But mostly, I don't care what the system is... the story, the interaction between the characters, and the GM make a good game. Palladium's Heroes Unlimited is a kludgy system, but I've had two of my more memorable campaigns in that system...
-- KT Hicks (firstname.lastname@example.org), July 25, 1999.
Ack! Nonononono!! I have to disagree with you on this one.
AD&D sometimes makes me a bit bored. Everything is really easy in AD&D... there's very little role-playing challenge anymore. You're the thief, you don't have to worry about what your character might do in this situation... the stereo-types have been laid out and waiting for the last 20 years. I'm playing in 3 D&D campaigns right now, and my character has no personality in any of them. But that hasn't hindered the games any.
Let's use thieves as an example. Different thieves could react wildly differently to the same situation. It all depends on the character. If you've got a scheming, plotting, mastermind, he's going to do things vastly differently from the ham-fisted thug. Both thieves, both played very differently. A thief's reaction to everything is preordained only if you decide to play a plain vanilla thief. And no one really does. Everyone puts little twists and oddities and whatnot into their characters that make them different. Just because you know what your characters are going to do in a situation means that's what every thief is going to do.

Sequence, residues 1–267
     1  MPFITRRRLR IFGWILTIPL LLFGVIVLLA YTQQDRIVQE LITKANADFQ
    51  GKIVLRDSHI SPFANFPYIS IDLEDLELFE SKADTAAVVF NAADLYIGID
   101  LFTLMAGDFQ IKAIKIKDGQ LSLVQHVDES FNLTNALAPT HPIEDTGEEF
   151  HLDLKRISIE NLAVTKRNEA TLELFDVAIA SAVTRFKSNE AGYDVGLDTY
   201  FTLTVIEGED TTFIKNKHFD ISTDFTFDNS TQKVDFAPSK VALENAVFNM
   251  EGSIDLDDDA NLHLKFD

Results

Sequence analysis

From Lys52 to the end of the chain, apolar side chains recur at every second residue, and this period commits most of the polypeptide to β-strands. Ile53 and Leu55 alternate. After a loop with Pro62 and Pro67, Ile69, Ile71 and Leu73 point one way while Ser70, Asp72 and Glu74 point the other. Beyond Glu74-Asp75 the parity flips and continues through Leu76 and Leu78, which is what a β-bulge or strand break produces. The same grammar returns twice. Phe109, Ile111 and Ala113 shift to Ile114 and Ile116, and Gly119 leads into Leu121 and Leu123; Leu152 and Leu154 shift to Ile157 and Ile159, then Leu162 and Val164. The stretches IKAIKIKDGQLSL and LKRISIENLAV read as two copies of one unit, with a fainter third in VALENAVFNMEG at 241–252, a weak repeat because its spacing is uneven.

I'm quite fond of White Wolf because it is complicated. There's a lot that depends on your character's view of the world. I'm running a White Wolf game (Werewolf) and my characters are getting ready to go to war with another pack, and both sides are firmly convinced that they are in the right and that they are doing Gaia's work.
White Wolf is like just about every system. It's as good or bad a game depending on the GM and the players. There's absolutely nothing from stopping a player from playing as basic, low-imagination fighter-type in Werewolf as there ever was in AD&D. Nothing.
But, um I've probably said enough at this point. Just to be clear, and to make sure I don't inadvertantly hurt anyone's feelings, I really like playing with KT, and I think that she's a great GM. I just don't agree with her 100% of the time. :-)
-- Matthias (email@example.com), July 25, 1999.
In answer to Liz's original question....ummm....yes? Hmmm. You're really encouraging ppl to write novels, here, and bed is looking more and more inviting...ah, well, quickly, then:
RPGs I've played (that I can recall, not counting entirely home-grown one-shot systems, in alphabetical order): D&D: Mystara, AD&D(1st ed, 2nd ed, Greyhawk, FR, Ravenloft...and those funky new alternate rules, which they're *not* calling 3rd ed...yet), Champions: Heroes, Cyberpunk, Gangbusters, Legend of the Five Rings, Mage(WW), Shadowrun, Teenagers from Outer Space, Vampire(WW), Werewolf(WW) Some of these systems I've played through several incarnations, and most with liberal use of "house rules." I've also MUDded fairly extensively (we see it, we kill it, we sac it, we go on...what was it? and was it carrying any good stuff?) and tried my hand at a couple of LARPs (which, frankly, scare me...I'm way too paranoid already, and ppl get far too into their games). And then, of course, there's the Meade Hall, the ultimate in diceless (and playerless, sort of) role-playing. ^_^